Home | About | Donate

Sometimes the Poor Make It Big. Usually They Stay Poor


Sometimes the Poor Make It Big. Usually They Stay Poor

Jill Richardson

We all want to live in a country where all it takes is hard work and some talent for anyone to succeed. We tell ourselves that we do. We even see examples of people who “came from nothing” and ended up rich and famous.

And it’s true that it sometimes happens. Sometimes a child born into poverty grows up to become the president of the United States, a multi-billionaire, or an Olympic gold medalist.

Most of the time, however, they don’t. And it’s not because they’re bad, lazy, stupid, or immoral. Often it’s because of our system itself.


We are also much less “the land of opportunity” than we were when anyone willing to work could get hired in some factory where the union saw to it that you get good pay, health care, and a pension. Unfortunately these days are now history.


“Most of the time, however,…”

Don’t pussyfoot the case, Ms. Richardson. It’s not “Most of the time” (which can include 50% +1) or “sometimes the Poor Make it Big”.

People might continue their fantasy that the USA is a socially mobile country - it’s not. It’s one of the least socially mobile industrialized countries in the world. Some studies have found it to be the least mobile.

In the USA, the most important factor which determines how much money you’ll earn is how rich your parents were.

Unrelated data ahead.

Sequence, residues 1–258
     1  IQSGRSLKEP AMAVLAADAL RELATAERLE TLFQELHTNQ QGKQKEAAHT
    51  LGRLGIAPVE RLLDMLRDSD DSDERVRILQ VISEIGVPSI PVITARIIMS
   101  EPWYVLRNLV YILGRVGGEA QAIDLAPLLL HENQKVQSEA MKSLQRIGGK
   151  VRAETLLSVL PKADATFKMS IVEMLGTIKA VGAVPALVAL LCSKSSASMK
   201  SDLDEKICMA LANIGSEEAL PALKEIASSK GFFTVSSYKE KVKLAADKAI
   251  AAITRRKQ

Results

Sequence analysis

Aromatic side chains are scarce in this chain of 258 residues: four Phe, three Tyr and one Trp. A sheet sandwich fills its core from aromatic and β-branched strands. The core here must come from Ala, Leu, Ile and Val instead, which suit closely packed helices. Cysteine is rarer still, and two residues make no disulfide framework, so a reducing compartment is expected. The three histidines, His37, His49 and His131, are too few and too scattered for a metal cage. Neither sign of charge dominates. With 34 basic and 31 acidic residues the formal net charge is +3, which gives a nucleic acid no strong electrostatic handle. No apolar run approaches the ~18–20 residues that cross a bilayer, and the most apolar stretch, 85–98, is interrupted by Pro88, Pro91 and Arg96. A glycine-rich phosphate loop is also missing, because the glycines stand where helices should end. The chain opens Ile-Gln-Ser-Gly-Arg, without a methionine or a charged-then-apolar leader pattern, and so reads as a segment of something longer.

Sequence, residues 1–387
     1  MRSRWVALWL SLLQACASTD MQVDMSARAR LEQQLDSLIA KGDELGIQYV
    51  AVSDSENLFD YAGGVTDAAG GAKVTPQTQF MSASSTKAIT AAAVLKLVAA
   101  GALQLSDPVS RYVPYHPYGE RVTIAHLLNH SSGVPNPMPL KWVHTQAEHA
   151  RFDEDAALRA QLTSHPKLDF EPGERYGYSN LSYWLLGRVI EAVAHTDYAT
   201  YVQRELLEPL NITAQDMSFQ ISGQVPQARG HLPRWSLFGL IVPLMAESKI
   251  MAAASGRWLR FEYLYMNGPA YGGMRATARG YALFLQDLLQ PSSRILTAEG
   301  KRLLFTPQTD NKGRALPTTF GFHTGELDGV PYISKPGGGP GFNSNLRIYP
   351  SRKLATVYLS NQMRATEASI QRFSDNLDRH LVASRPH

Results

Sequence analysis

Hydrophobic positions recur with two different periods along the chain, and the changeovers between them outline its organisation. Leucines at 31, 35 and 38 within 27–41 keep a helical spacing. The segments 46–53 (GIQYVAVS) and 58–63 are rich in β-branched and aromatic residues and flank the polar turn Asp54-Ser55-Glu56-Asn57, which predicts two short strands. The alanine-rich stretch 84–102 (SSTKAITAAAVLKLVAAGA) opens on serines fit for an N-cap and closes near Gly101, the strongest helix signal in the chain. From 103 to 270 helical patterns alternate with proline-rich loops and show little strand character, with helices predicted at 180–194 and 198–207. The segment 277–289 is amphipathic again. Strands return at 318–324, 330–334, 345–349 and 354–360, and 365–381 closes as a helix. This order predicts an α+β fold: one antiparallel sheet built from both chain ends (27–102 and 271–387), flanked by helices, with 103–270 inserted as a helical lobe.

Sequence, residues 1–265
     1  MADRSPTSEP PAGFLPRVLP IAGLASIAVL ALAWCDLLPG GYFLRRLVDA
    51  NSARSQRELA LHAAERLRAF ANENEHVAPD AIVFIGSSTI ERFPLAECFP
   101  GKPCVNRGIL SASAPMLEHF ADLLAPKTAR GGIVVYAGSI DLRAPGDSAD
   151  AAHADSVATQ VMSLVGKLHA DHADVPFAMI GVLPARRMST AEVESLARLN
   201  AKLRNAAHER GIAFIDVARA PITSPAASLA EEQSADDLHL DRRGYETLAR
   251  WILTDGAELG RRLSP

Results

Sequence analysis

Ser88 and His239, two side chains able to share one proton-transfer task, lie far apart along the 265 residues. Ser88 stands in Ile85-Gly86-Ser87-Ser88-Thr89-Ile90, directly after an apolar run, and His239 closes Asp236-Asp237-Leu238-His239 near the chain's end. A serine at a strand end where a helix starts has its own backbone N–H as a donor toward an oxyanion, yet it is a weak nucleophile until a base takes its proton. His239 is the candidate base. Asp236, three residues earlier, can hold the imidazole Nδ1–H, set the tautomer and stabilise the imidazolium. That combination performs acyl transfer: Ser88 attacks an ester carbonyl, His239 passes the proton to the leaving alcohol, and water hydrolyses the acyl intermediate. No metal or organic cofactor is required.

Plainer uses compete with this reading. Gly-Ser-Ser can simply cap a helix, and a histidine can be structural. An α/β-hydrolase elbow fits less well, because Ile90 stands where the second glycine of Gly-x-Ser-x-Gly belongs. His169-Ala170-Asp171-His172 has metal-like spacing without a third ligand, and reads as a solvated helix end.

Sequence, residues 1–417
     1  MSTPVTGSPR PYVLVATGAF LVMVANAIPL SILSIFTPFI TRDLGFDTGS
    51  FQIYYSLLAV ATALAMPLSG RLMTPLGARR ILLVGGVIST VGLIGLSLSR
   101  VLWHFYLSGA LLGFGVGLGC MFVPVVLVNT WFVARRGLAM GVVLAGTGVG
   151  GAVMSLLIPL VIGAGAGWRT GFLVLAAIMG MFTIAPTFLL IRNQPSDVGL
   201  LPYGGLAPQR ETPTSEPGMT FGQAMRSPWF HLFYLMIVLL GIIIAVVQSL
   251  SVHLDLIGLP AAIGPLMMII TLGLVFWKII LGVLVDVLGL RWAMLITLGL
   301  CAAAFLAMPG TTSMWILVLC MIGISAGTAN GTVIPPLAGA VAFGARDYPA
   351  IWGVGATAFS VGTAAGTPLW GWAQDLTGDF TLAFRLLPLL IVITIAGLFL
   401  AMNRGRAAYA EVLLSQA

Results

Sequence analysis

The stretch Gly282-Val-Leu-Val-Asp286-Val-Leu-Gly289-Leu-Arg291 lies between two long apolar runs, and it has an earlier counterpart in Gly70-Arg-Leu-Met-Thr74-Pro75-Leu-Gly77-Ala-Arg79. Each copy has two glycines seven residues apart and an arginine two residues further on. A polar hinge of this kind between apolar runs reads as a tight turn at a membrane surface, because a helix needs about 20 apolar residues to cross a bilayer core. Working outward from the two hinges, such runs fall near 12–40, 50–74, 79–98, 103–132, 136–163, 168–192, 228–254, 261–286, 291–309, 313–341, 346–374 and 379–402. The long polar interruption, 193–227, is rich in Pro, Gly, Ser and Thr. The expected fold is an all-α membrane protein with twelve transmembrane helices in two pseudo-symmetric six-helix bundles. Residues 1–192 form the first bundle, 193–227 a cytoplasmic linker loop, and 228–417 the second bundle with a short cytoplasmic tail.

No, Ms. Richardson. It’s “The Overwhelmingly Vast Majority of the time the Poor remain Poor, no matter how hard and how smart they work.”


Not only is deck stacked against 'em, so too is the democratic party.

What I propose in this book is something else: that the Democrats are a class party in the most basic sense of the phrase, and that the socioeconomic group whose interests they represent most enthusiastically–the satisfied and prosperous professional class–simply doesn’t care all that much about income inequality.


Here’s one for you: Why do dirt poor people have kids? For instance Loretta Lynn has said that her parents had nine kids, and yet they often had no shoes or even electricity. If they had fewer kids or none at all- wouldn’t that have made a difference? Just an example.


Here’s another thing: A child born into poverty. Is it because of a lack of birth control or access to it? A great many pregnancies across the world are unplanned. Women and men need access to safe birth control.


They are history because those in the ivory tower made it so.


Also the theocrats tell uneducated people to just have more kids , and not to use birth control so that also plays a factor in all of this. Then they receive some benefits from the government. Very very sad. What about counseling to be required before people have kids so that they can make better choices instead of being on auto pilot?